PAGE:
Quote of the day: “For the two of us, home isn’t a place. It is a person. And we are finally home.” — Stephanie Perkins

Daily gratitudes:
A beautiful day
MKL fixing things when they go wrong
My Skype last night with one of my girls
My catering family
Housecleaning

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It’s not a bad thing, but that’s the closest phrase I can find to describe it.

My daughter is in North Carolina. In my hometown. And I’m not there. I guess that shouldn’t be a big deal. It’s actually very cool, and I’m so happy she’s there. She was texting me today from Duke, from the library where my Mother used to work. She stopped by to see one of my parents’ dearest friends. She went to the Chapel, and the Sarah P. Duke Gardens. While she had been to Durham several times before my parents died, she was very small then. She and I spent two nights there when we were on the EAR, and I took her everywhere I could think of and told her as many of my memories as I could. Today, she made some of her own memories. She said it felt weird that I wasn’t there. But then, that’s growing up.

She is such a part of me in every way. I told her the first time she travelled without me and just with her Dad, that there is a very thin silver thread that connects our two hearts, and that no matter how far apart we are, that thin silver thread will always be there. It stretches to infinity, and yes, perhaps, beyond. We both remember this always. I felt it so strongly today. Having her, one who is literally a piece of me, in a place that holds and that shaped so much of my spirit, made me feel as if somehow I was there. It certainly made me feel as if I weren’t all here, in my body, in Colorado. It was such a queer feeling. It has yet to entirely subside. But as I say, it’s not a bad thing. Just very curious.

This is a window in my Father’s library – actually, the Divinity School Library, which will always be my Father’s no matter who the librarian may be. This window itself, the glass, the latch, the tree outside – it’s all the same as when I was a little girl. I can remember how much I liked opening and closing these latches. They felt old. And I felt powerful. It seemed like an appropriate image for today, the dusty glass opening onto a bright new world.

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Durham, North Carolina

Quote of the day: “Even when we’re apart, we’ll be looking at the same sky!” — L.J. Smith

Daily gratitudes:
Small clouds that float lower than storm clouds
MKL
When the people in the office across the way wave hello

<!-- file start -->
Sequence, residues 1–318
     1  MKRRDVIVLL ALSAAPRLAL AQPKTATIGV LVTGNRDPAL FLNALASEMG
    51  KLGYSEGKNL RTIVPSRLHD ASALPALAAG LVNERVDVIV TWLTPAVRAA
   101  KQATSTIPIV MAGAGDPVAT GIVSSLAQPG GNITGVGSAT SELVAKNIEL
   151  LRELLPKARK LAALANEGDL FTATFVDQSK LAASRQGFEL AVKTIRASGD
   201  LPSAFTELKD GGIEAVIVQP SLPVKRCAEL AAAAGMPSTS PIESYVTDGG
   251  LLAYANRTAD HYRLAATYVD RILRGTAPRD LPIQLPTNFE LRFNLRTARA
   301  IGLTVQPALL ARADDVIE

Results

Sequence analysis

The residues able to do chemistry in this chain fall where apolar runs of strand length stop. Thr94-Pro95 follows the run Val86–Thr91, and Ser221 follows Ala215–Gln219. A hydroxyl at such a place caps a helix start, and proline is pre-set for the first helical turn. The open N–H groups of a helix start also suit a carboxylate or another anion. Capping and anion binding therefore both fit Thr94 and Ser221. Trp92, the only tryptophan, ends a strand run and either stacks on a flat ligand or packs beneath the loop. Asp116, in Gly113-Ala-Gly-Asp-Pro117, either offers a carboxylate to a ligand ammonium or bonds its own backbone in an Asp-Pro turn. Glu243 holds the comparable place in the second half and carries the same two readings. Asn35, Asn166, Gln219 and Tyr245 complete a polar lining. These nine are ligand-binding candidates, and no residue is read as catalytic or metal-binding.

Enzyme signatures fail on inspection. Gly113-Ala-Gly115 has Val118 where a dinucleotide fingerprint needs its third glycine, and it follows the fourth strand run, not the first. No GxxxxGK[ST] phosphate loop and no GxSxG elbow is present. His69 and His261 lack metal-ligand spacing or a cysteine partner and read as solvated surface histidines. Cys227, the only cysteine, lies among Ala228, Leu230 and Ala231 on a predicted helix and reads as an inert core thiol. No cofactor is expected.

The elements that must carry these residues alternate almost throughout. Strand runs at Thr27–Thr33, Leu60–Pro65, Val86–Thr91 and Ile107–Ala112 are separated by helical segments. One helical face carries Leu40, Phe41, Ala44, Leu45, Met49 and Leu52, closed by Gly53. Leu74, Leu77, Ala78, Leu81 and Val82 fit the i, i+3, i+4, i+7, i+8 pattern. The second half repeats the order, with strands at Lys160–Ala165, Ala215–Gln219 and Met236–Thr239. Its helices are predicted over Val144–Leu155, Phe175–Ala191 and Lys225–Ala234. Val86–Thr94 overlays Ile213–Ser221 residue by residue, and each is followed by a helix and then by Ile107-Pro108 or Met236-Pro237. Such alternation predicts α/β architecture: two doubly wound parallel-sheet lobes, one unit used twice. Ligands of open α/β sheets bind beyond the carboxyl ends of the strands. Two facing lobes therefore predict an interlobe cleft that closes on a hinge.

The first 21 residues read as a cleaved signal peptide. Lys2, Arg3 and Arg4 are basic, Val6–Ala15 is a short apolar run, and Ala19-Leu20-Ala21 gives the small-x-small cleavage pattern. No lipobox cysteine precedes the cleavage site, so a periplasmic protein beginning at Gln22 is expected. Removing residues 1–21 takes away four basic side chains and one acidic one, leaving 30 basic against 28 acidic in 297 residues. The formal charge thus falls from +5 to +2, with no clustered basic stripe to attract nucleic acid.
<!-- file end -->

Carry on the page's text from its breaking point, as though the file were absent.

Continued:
Peonies
A newly graded alley (I think)

For those of you who haven’t met him, this is Mr. Man. He is my constant companion in what we call the “North House” aka, the Bungalow, and keeps me feeling well-loved and snuggled when MKL is in the “South House”. Some people say he has a big nose, but I think it’s beautiful. As a Maine Coon, which people say is “the dog of cats”, he is a vocal fellow. If he loves you, he will give you headbutts – after smelling your forehead to be sure no imposter is disguising herself as his Mom. Mr. Man, also known as Mr. Boo, has only had one other owner besides me in his whole life. I adopted him when he was 13 as a birthday present to myself three years ago. Yes, he’s 16 now, and has had a few problems with pancreatitis, from which he almost died two years ago. That experience – my helping him get better – was a turning point in our relationship. He finally came to trust me, eight months after I’d adopted him. Now, I don’t think we can imagine our lives without each other, though having had cats before (my first one lived to 20), I know that one day, I will have to do so.  But I hope that’s a long time off.

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Lafayette, Colorado.

Quote of the day: “In ancient times cats were worshipped as gods; they have not forgotten this.” — Terry Pratchett

Daily gratitudes:
A successful chainsaw massacre with no loss of limb
An old favorite movie
MKL
Strong arms
True love

 

Another curious and entertaining doorway. I suppose the residents of this little duplex tell visitors to go to the right or the left of the cat.

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San Miguel, Cozumel, Mexico.

Quote of the day: “If you want to believe in something like Fate, she’s a capricious character. Sometimes she stand there blocking the doorway you were born to pass through, and sometimes she takes you by the hand and leads you through the minute you poke your nose out. And the stars gaze down and keep their counsel.” — John Avide